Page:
Tamil refugees to get freedom to move but not return home
Over 1.3 lakh Tamil refugees living in camps in north Sri Lanka would be allowed more freedom of movement from next month, reports Sutirtho Patranobis.world Updated: Nov 21, 2009 19:31 IST
Over 1.3 lakh Tamil refugees living in camps in north Sri Lanka would be allowed more freedom of movement from next month.
Effectively, it means that from December 1 those living in the camps for the internally displaced persons (IDPs) would be allowed to attend family engagements or be treated in hospitals outside the camps if required, senior Presidential advisor, Basil Rajapaksa told HT.
``They can now freely move about. It will be like staying in a hostel or hotel. After the visit, they can come back to the camp,’’ Rajapaksa said.
But they cannot yet permanently return to their villages or towns of origin. ``Demining is still going on. We have only demined the battle fields. But humanitarian demining (or demining of civilian areas) is yet to be completed. But they can go villages where their relatives are and then come back to the camps,’’ he said.
Rajapaksa also announced Saturday morning that the Government had made arrangements to complete the resettlement of the IDPs by January 31 next month.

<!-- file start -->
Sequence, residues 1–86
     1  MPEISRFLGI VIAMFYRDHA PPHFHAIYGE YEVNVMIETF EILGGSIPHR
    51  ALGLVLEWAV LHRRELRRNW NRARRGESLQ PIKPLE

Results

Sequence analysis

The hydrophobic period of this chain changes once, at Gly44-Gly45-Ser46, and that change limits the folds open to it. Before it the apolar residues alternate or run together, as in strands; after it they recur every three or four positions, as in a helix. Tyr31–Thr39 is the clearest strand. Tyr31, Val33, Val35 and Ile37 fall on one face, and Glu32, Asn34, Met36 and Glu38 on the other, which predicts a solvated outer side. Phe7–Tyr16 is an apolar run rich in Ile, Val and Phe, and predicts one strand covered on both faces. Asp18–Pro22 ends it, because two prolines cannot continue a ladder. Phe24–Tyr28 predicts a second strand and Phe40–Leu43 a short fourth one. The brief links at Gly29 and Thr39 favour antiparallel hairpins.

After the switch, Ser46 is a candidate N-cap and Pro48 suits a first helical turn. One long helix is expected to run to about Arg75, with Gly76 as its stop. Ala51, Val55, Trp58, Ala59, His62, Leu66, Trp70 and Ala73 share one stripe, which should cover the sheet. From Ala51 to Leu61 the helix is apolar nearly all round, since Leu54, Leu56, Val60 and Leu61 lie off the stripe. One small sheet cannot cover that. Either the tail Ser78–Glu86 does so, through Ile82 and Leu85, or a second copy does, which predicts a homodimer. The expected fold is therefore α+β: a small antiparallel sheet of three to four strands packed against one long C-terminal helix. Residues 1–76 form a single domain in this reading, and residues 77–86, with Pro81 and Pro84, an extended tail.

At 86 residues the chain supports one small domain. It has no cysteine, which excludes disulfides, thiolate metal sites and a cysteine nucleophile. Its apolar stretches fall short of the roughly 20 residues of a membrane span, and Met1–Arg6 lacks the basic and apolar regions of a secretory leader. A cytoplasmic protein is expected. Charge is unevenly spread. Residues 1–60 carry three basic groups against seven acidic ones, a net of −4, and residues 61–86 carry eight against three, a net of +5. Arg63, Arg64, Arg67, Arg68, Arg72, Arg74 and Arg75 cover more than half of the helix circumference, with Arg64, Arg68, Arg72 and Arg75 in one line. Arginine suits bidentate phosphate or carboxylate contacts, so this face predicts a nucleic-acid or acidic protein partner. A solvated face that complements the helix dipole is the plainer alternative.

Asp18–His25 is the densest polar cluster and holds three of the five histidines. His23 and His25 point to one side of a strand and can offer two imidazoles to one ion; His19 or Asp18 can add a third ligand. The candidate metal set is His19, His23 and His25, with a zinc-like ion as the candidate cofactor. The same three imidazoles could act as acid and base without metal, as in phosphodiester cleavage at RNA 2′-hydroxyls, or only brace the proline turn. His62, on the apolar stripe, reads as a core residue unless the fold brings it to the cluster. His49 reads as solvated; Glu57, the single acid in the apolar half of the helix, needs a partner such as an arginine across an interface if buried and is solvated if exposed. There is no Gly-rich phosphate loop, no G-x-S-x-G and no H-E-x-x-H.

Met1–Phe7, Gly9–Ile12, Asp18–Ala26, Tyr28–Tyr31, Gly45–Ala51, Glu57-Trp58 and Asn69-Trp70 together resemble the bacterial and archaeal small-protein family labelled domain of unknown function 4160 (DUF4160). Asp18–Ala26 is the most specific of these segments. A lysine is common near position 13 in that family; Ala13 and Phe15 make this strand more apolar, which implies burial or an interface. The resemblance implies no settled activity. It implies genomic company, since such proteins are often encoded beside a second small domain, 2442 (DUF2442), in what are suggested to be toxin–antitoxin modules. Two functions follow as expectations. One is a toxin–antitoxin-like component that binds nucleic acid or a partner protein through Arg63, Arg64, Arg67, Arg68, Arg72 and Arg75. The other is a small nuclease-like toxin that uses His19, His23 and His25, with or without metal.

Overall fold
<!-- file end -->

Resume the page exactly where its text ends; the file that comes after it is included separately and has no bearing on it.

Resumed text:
Rajapaksa, who is President Mahinda Rajapaksa’s younger brother, added that there were two reasons why the refugees’ freedom of movement was restricted. ``Everybody did not have identity cards. Now, everyone has been issued with temporary cards. Also, the camps are less crowded now. So, now it is easier to control (the remaining refugees,’’ he said.
But outsiders will not be allowed inside as the government fears that they would create trouble inside. ``There are visitors’ centres where outsiders could meet people from the camps,’’ Rajapaksa said.
The Mahinda Rajapaksa regime has been under pressure from the international community on the issue of restricting the freedom of movement of the IDPs, many of whom have been living in camps for months now.
The government has also been criticised for not putting in place a transparent mechanism to pick out remaining cadres or sympathisers of the Liberation Tigers of Tamil Eelam (LTTE). The LTTE were defeated by government forces in May this year.
But the resettlement programme of the government picked up pace since October and more than 100000 have been sent back home.